Alcohol & Drugs
Introduction to Substance Abuse Prevention, Assessment, and Recovery Services
Welcome to our services. Pepperdine University recognizes the dangers and potential academic impact of the use and abuse of alcohol and other drugs. The Counseling Center strives to provide education and services, when appropriate, for all students. For many, college is a time of exploration and new freedoms. As a result of these freedoms, some students experiment with or begin to use and abuse alcohol and other drugs. We also recognize that some students may arrive to campus with a history of using drugs and alcohol and already have dependency issues, including those students who are active in their recovery process.
For students with concerns about drug and alcohol use and abuse, the Counseling Center
offers assessment, consultation, education programs, counseling, recovery support,
and community referrals as needed, all with respect to students' confidentiality.
Please call 310.506.4210 for further information.
Alcohol and Other Drug Assessment and Counseling
Students are invited to visit the Counseling Center for free, confidential assessment
and counseling services. Some students benefit from more intensive counseling services
off-campus. Finally, many students benefit from self-help groups held off-campus sponsored
by the following organizations. The Counseling Center also offers a Recovery Peer
Support Group, visit our group page.
Pepperdine Recovery Peer Support Group
Get the support you need for your alcohol or drug recovery. Share your experiences,
get connected with your peers, and know that you are not alone. Visit our group page.
Information and Resources
The signs and symptoms of a drug or alcohol problem are not always easy to recognize. Since most drug or alcohol problems develop over time, we may not notice subtle changes within ourselves or others as easily as if they would have occurred overnight. Some common signs and symptoms of an alcohol or drug problem include:
- Continuing to use a substance after it has caused problems or negative experiences in one or more important areas of life, such as physical health, mental health, social relationships, academics, and daily functioning.
- A person struggling with an addiction will often display changes in their mood and behaviors, such as withdrawal or social isolation, increased irritability or moodiness, hiding their use, or being secretive about their use.
- Slowed or irregular breathing
- Inability to wake up
- Cold or clammy skin
- Inability to answer basic questions or walk without assistance
In a medical emergency call 911
If you are unsure if it is a medical emergency, call DPS at 310.506.4441 or call your RA/RD
- Pepperdine Counseling Center — Students are invited to visit the Counseling Center for free, confidential assessment and counseling services. Some students benefit from more intensive counseling services off-campus. Finally, many students benefit from self-help groups held off-campus sponsored by the following organizations. The Counseling Center also offers a Recovery Peer Support Group, visit our group page.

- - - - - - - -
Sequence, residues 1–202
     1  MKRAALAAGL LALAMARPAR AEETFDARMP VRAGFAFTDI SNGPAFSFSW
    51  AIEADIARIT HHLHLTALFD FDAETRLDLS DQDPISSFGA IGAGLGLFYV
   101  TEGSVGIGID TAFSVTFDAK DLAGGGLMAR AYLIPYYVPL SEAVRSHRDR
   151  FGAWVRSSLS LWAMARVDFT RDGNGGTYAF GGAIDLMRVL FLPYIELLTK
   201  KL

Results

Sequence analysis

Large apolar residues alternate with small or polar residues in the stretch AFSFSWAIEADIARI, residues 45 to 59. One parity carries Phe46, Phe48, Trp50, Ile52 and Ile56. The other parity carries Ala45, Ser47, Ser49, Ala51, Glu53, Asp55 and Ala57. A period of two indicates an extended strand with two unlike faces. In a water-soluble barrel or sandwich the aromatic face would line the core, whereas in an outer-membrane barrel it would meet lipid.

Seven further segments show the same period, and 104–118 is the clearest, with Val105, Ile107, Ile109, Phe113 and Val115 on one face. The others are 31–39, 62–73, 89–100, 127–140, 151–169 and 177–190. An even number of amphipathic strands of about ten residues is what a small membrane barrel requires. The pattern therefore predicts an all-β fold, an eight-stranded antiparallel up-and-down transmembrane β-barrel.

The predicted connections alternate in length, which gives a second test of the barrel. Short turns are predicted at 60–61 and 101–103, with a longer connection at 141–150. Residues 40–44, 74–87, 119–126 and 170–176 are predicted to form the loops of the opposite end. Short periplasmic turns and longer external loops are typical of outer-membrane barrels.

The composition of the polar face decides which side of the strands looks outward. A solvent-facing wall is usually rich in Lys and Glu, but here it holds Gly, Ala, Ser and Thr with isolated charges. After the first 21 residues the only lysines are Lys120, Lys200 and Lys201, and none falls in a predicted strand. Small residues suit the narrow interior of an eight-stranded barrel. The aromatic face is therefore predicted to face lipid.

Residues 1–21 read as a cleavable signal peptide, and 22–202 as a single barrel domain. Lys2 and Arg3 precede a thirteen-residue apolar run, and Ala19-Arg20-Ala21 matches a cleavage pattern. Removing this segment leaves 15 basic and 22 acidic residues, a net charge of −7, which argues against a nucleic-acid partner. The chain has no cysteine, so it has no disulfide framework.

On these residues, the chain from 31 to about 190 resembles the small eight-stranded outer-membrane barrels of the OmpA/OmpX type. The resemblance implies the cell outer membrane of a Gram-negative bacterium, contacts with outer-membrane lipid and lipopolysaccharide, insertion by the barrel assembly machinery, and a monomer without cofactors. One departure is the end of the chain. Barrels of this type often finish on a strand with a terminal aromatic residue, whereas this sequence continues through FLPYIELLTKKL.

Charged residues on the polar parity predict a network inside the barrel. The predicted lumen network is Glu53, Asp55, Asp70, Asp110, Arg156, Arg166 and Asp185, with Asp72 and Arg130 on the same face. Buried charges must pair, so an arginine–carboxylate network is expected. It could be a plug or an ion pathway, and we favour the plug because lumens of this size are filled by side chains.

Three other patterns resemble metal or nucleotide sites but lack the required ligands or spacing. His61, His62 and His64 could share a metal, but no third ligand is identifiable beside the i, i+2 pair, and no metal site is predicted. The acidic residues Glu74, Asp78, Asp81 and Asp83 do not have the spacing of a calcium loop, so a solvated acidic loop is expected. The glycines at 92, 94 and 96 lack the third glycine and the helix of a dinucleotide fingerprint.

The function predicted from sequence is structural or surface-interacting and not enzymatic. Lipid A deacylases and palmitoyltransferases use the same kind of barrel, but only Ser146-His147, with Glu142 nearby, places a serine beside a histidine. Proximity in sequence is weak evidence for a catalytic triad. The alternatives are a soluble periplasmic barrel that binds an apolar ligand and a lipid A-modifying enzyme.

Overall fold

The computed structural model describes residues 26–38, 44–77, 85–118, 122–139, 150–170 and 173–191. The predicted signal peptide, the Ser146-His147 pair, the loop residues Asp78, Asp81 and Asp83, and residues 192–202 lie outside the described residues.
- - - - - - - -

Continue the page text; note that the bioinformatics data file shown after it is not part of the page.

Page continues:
- Alcoholics Anonymous — Alcoholics Anonymous ®, otherwise known as AA, is a fellowship of men and women who share their experience, strength and hope with each other that they may solve their common problem and help others to recover from alcoholism. The only requirement for membership is a desire to stop drinking. You can find the location and times of local meetings by visiting this website. AA meetings in the Malibu areas can be found here (hyperlink to https://www.malibuaa.com/p/meetings.html).
- Narcotics Anonymous — Similar to AA, Narcotics Anonymous (NA) is designed to help people with problems
related to drug use/misuse.
Locations and meeting times can be found by visiting the website.
- Alanon/Alateen — Al-Anon (which includes Alateen for younger members) offers hope and help to families and friends of alcoholics. It is estimated that each alcoholic affects the lives of at least four other people; alcoholism is truly a family disease. No matter what relationship you have with an alcoholic, whether they are still drinking or not, all who have been affected by someone else's drinking can find solutions that lead to serenity in the Al-Anon/Alateen fellowship. Los Angeles County meetings can be found at http://www.alanonla.org.
SAMHSA Treatment Locator — 1-800-662-HELP (4357)
- Express our concern
- Talk to them when they are sober/clean
- Be factual about what behavior you have observed
- Avoid sharing opinions; Stick to the facts!
- Talk with someone such as a staff member or RA.
- Consult with a counselor or staff member
- Offer to connect them to the Counseling Center for a confidential alcohol and drug assessment
- Follow-up/Check back with your friend.
Talking with your student is very important - especially if you have reason to believe they may be using and/or abusing alcohol or other drugs. Some key things to consider as you initiate these conversations.
- Sharing your care and concern. Be factual and straightforward about the concern that has developed.
- Discuss expectations regarding:
- Attending class
- Drinking and driving
- Financial responsibility
- Study time vs. social time
- How you will stay in touch
- Ask questions:
- Tell me about how things are going?
- How are you handling the stress of college? What are you doing to cope?
- What can we do to help?